Illustration by Lara Borovcic-Kurir

Can a culture even be cute? 

One of my kids’ favorite bedtime stories is called 100 of the most disgusting animals in the world. And yes, it features stories about maggots and brain-eating parasites and other stuff that definitely disturbs my night time peace, but is apparently the stuff of dreams for pre-schoolers.  

Illustration by Lara Borovcic-Kurir

But that’s not the point. The point is that the author of this beloved book - a biologist - introduces the book by saying that he never thought that he would write a book such as this - in fact, it almost seems unethical to him. The reason being that animals aren’t per se disgusting, they just have fascinatingly distinctive ways of adapting to their environment and have evolved to fit in their own, particular way.

In much the same way that this biologist reacts to the labeling of respectively “cute” or “gross” animals, I, as a social scientist, cannot help but pause when company culture is discussed in terms of "good" or "bad" culture.

As if to signify that somewhere someone (and probably Netflix or Google) found the secret recipe for success and crafted a culture containing the 12 essential traits worth replicating.

Does this mean that all organizations should be Google or Netflix? (And that all the species in the animal kingdom should just throw in the towel and go extinct because: Kittens, how would you want to be anything other than that?!).

Illustration by Lara Borovcic-Kurir

The tool you pick up from the toolbox matters

When it comes to defining company culture the jury has in no way reached a unanimous verdict. There is, unfortunately, no authority we can turn to for a definitive answer on what it is or how we manage it.

I want to illustrate two distinct ways of speaking about company culture that can have a great impact on how you understand it, measure it, and tackle it.
  1. Company culture as a gold standard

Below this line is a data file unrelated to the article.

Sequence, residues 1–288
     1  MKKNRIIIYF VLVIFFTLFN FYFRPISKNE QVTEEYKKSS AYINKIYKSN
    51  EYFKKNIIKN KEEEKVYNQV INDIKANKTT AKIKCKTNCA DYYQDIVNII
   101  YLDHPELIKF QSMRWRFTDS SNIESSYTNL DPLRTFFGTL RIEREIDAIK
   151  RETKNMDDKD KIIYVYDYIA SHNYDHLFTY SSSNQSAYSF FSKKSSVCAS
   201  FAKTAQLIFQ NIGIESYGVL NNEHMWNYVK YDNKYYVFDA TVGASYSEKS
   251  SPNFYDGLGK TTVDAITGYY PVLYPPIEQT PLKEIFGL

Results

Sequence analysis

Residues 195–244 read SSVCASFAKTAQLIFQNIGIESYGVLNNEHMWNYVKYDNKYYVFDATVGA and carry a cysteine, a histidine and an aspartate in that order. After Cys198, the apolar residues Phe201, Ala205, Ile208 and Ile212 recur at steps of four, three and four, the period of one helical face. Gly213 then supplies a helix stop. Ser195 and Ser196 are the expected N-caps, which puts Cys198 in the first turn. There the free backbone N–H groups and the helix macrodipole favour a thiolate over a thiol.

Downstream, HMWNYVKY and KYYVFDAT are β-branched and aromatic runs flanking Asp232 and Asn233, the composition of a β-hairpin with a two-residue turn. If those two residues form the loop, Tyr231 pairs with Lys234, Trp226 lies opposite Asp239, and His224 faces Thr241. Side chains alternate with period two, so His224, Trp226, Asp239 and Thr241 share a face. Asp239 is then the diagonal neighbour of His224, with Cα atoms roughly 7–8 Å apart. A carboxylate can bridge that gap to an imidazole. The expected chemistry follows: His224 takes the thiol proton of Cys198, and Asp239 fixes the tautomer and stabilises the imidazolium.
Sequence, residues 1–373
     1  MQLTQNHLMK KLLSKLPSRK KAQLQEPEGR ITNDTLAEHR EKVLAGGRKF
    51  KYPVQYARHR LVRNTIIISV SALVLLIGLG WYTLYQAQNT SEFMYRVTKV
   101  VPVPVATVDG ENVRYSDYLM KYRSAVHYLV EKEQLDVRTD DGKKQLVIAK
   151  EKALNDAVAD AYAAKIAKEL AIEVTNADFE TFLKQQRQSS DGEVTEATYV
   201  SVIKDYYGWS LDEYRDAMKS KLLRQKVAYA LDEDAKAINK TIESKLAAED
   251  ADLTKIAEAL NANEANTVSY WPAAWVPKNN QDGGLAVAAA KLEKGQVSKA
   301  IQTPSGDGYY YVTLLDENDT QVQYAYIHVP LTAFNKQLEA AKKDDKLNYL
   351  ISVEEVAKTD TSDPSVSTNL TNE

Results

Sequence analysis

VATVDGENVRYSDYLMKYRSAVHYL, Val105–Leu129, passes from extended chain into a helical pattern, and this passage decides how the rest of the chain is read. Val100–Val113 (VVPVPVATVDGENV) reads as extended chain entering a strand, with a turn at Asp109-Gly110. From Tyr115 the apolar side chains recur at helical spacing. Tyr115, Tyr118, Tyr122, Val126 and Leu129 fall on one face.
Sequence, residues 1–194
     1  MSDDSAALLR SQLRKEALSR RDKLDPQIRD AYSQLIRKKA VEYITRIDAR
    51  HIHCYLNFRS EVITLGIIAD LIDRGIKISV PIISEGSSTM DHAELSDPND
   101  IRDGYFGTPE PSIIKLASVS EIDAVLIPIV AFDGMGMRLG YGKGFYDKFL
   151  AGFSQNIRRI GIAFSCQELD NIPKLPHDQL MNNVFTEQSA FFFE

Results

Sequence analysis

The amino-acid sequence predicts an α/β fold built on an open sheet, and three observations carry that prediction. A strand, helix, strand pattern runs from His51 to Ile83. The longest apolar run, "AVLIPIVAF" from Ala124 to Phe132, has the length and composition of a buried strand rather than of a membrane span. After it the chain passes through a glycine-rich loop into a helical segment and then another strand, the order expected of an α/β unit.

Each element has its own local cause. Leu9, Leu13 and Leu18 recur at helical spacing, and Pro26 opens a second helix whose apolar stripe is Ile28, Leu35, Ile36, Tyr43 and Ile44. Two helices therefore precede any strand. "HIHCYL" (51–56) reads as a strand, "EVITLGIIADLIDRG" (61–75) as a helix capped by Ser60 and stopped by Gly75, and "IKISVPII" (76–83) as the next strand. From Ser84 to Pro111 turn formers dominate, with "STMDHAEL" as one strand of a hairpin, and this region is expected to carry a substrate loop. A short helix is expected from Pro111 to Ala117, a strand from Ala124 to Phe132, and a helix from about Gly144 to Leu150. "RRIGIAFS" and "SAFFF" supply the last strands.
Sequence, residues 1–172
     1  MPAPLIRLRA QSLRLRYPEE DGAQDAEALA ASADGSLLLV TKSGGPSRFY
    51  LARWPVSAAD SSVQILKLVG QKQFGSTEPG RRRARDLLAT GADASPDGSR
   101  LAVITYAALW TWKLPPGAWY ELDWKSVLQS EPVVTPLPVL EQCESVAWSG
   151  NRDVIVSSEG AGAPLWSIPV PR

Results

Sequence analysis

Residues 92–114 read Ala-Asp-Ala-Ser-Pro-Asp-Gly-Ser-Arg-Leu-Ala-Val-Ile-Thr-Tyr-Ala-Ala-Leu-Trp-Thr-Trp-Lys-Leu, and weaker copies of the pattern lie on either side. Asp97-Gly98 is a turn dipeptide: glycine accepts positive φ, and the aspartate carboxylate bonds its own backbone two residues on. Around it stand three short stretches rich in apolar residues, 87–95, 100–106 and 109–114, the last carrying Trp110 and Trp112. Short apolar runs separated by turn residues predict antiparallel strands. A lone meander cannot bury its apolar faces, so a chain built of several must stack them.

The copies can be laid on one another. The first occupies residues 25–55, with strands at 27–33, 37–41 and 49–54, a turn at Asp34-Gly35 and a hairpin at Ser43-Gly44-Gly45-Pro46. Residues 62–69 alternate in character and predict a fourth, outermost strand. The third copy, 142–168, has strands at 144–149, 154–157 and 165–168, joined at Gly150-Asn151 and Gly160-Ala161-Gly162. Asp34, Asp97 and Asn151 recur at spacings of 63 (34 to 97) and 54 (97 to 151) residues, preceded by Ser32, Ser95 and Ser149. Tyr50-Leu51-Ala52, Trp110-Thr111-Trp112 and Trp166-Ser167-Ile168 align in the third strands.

2. Company culture as an ecosystem

I won’t pretend that these two make up a comprehensive list, but rather I want to point out the consequences of speaking about culture in one way or the other.

Being consistent in what you’re talking about makes all the difference to whether culture is manageable or not.  

Aiming for a state-of-the-art culture

So let’s first look into a typical way of talking about culture by measuring it against a gold standard. 

I once toured the office of a good friend who worked for a US tech giant. And I say toured because I was basically invited in to see the sights: The massive 24H open restaurant, the lounges intended for creative work sessions, the foosball tables, the in-house hair salon. You get where I’m going.

All of these things were shown off with more than a little bit of pride as an example of the company’s amazing culture.

This was a place where people were allowed to hang out, where there was a lot of consideration for employees, an active community. Something to unite on. A great culture. (Which was not to go home, more or less).

The our-ping-pong-tables-are-a-testament-to-our-great-culture has been contradicted many times. But it still makes sense to step into the shoes of this argument - simply because it’s more prevalent than you might think.

What lies behind my friend’s descriptions of a company with a “great culture” is a singling-out of things that are more about culture than others.

The ping-pong table might be a clichée but think of how often we encounter evaluations of a company’s culture based on social gatherings, employees all sporting company branded apparel or whether there is a “too strong” culture of bonding over whiskey and cars (or the opposite).

All of these evaluations are based on the assumption that the company culture lives within certain more culture-dense phenomena - as opposed to just everyday actions.

Getting geeky, this reflects the Latin root of the word culture that (at some point in history) came to mean cultivated - the most refined version of something.